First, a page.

BOSTON – One of the axioms of college basketball is that you play zone against a team that plays zone.
Syracuse, which plays the best zone defense in the sport, has struggled recently against zones.
Ohio State coach Thad Matta, who on Saturday will be the next coach to try to solve the 2-3 defense when his second-seeded Buckeyes (30-7) meet the top-seeded Orange (34-2) with a berth in the Final Four at stake, was asked if he was thinking of trying to play zone against a zone.
“Not really. We’re into Game 30, whatever it is. We kind of are who we are from that standpoint to be honest with you,” he said Friday. “Going against a zone this week – we felt like Cincinnati was going to play us like they did last night, the first half zone, and thought there was a chance we’d play Syracuse, so we went against zone in practice and left with a ton of confidence on offense because the zone was so bad. So we’re not going to do that.”
Syracuse’s zone is far from bad, even when it’s far from perfect.
Wisconsin pounded the zone with 14 three-pointers in the 64-63 East Regional semifinal loss to the Orange, but came up short down the stretch.
“I heard, I don’t know when it was, a couple years ago, whatever, and I thought it was the greatest answer I’ve ever heard from Coach Boeheim,” Matta recounted. “Somebody asked him what do you do when somebody gets really hot against your zone and they’re making threes? He said ‘How do you know they’re not going to make them against man-to-man?’ He has his philosophy, and he’s only won 900 or however many games he’s won. It works for him.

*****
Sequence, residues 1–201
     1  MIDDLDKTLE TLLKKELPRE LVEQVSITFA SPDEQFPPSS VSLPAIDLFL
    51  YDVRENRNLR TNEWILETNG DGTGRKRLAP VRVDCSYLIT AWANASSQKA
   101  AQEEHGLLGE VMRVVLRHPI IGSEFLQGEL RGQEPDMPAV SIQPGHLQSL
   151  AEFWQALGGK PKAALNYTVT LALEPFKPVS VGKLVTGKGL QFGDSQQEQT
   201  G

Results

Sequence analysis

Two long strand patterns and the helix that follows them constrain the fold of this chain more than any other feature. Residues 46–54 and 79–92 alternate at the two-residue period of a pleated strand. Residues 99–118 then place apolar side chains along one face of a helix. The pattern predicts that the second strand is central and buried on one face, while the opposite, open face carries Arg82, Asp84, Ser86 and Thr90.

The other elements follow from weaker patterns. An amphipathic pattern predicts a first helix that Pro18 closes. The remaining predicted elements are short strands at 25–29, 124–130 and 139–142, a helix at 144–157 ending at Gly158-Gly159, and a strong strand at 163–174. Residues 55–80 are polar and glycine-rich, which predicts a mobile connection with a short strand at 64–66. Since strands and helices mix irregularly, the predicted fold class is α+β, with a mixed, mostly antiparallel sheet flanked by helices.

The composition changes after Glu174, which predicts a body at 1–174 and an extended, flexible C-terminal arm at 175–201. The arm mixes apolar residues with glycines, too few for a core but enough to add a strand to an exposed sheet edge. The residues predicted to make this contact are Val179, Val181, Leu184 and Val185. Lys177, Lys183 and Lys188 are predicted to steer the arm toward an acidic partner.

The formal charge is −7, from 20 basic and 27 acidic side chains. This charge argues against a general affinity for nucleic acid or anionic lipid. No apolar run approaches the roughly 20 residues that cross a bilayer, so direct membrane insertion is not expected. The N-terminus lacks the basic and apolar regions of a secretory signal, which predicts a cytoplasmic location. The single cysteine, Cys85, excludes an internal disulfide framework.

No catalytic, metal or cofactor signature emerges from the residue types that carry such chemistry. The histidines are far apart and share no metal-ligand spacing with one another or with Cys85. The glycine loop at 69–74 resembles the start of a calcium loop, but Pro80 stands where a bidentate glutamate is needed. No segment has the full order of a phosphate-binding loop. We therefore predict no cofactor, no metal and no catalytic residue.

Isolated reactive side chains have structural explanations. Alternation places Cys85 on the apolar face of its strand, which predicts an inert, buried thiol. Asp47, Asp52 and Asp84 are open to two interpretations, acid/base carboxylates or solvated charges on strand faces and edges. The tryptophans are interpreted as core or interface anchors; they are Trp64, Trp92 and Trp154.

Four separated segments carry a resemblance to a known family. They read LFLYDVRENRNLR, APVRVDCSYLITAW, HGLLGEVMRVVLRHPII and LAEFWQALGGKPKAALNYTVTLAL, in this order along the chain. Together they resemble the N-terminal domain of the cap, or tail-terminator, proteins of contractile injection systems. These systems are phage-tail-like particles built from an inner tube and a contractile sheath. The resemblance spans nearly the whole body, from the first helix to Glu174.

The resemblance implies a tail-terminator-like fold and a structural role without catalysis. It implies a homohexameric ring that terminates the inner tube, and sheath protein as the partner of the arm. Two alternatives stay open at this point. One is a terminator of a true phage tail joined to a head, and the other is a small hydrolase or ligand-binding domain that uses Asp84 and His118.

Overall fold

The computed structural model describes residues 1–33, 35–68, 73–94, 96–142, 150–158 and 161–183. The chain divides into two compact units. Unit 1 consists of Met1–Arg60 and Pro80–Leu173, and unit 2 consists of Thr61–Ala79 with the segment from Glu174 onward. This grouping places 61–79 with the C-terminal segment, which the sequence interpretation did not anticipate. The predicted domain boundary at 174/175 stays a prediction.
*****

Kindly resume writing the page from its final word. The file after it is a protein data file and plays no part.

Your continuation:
“Watching that game last night, he struck true to what he’s done. Fourteen threes, you might say, ‘Hey, that’s good enough to get the job done.’ Last night it wasn’t.”
Syracuse coach Jim Boeheim hasn’t won 900 games. He’s won 890, third on the all-time Division I list behind Mike Krzyzyewski and Bob Knight. The victory over Wisconsin was his 48th in the NCAA tournament, breaking a tie for fifth place with former UCLA coach John Wooden.
Boeheim gave a quick clinic ÂFriday about the zone.
“There’s a few advantages to playing zone,” he said. “I mean, we play zone because we think it’s our best defense overall to win the game. But at the end of games, you’ll see at least half the time in a close game, there’s a foul called on a drive to the basket because that’s what people will do. They’ll try to get to the basket and they’ll foul Âbecause you’re playing man-to-man. Very seldom is somebody going to go to the foul line and beat us. That almost never happens.”